Baroness Maddock: I did my best to explain as we were going along. If the Minister would like to look again at what I said, it may be that he can clarify the point further. However, the provision seems to replace one system with another from which the housing revenue account will not necessarily benefit, but in which the Treasury's element changes. The calculations supplied to me, which use figures supplied by the Government, show that the Treasury will still get something like £660 million, with which it can do what it wants. I understand that it is a problem. I understand what the Government are trying to do and that they do not want anything too bureaucratic. We were assured when this issue was debated in another place that all the figures will be there at the end of the year, and audited, and one could look at them. I hope that the Minister will be able to look again at this matter and to give me some further information, perhaps in a note afterwards. Meanwhile, I beg leave to withdraw the amendment.
The noble Baroness said: I speak to Amendments Nos. 183, 185 and 186. They deal with Clause 92, about which we have considerable concerns. We believe that the new changes to be made in Part 6 of the Local Government and Housing Act 1989 are drawn too widely. Our fears are further consolidated by the report of the Select Committee on Delegated Powers and Regulatory Reform. It commented:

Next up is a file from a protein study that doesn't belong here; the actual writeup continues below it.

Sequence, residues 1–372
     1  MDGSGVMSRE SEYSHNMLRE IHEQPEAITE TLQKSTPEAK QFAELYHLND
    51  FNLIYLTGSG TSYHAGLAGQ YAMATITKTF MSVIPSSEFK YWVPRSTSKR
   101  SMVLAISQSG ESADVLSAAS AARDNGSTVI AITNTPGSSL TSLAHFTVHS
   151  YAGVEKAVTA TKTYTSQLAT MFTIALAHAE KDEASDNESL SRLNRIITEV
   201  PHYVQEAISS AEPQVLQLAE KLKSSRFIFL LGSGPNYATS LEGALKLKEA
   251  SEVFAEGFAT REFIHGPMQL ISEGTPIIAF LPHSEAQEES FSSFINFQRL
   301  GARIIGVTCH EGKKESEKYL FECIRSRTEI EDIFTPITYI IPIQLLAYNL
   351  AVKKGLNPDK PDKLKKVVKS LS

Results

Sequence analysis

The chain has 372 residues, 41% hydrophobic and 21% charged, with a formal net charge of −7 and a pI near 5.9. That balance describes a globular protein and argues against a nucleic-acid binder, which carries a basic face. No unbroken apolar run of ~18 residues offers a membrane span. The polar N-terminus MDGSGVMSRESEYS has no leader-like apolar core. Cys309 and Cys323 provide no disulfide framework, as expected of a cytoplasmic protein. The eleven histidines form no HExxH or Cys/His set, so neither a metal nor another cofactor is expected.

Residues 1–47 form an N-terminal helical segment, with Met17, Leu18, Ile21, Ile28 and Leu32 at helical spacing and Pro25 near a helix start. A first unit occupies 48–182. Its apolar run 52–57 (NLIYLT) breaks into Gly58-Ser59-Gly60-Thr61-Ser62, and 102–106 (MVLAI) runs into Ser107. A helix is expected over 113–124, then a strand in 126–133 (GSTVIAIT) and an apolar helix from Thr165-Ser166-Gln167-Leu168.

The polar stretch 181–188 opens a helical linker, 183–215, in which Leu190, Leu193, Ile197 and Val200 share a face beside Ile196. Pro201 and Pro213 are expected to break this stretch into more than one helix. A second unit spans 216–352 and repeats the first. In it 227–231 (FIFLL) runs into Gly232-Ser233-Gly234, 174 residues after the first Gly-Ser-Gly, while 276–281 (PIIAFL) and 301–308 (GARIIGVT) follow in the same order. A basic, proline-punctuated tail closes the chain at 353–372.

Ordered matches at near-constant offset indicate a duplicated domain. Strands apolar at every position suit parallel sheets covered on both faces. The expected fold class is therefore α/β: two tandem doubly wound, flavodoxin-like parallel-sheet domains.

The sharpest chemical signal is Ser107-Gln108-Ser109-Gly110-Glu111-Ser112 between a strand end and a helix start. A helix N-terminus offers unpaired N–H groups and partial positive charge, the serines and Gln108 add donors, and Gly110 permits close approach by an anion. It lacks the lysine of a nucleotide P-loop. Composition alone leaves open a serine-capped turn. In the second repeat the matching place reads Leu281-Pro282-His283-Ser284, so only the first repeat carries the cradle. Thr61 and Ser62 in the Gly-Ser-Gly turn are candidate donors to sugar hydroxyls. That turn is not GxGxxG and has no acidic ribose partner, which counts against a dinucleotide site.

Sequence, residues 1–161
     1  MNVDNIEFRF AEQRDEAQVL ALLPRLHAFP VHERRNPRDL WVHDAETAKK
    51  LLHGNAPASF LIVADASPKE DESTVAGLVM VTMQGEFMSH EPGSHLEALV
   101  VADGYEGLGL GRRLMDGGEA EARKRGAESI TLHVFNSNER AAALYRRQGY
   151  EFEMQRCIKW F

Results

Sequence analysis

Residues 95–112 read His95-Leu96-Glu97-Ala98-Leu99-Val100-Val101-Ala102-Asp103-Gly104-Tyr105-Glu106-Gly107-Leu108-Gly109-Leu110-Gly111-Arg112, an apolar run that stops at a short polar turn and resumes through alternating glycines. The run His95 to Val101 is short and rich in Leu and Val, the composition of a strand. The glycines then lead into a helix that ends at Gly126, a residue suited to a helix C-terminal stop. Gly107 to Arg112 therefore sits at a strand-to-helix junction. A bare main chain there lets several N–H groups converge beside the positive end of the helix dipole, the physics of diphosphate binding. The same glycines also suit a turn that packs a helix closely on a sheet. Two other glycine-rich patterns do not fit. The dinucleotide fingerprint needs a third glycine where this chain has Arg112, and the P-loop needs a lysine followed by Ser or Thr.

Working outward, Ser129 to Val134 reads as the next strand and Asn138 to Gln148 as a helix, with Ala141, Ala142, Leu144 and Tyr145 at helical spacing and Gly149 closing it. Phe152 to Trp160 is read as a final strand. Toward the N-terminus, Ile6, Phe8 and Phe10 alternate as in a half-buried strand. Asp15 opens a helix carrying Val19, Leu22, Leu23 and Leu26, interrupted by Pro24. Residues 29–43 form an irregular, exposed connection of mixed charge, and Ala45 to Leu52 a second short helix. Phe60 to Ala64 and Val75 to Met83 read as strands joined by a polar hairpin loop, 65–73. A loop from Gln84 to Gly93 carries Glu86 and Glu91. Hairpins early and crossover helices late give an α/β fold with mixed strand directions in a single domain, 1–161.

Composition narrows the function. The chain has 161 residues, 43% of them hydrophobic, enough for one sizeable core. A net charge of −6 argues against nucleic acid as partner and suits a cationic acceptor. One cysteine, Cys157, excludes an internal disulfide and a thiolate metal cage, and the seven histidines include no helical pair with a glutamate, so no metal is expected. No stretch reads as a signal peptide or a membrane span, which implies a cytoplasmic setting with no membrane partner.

I welcome the slight limitation which government Amendment No. 184 proposes to these powers and I thank the Minister for giving at least some consideration to the comments and recommendations made by the Select Committee. However, will the Minister convince meand I need convincingthat curtailing these wide-ranging powers to apply specifically to Sections 74 to 76, 78 and Schedule 4 to the 1989 Act is a sufficient amendment? It does not go as far as we believe it should. Again, I fear that wretched word "flexibility" will be thrown back at me in reply. We have mentioned it a couple of times already. But I should like to remind the Government that there may be a time when the Minister in question is not a Labour Minister and that they may come to repent the numerous ministerial powers that are enshrined in the Bill in the name of "flexibility".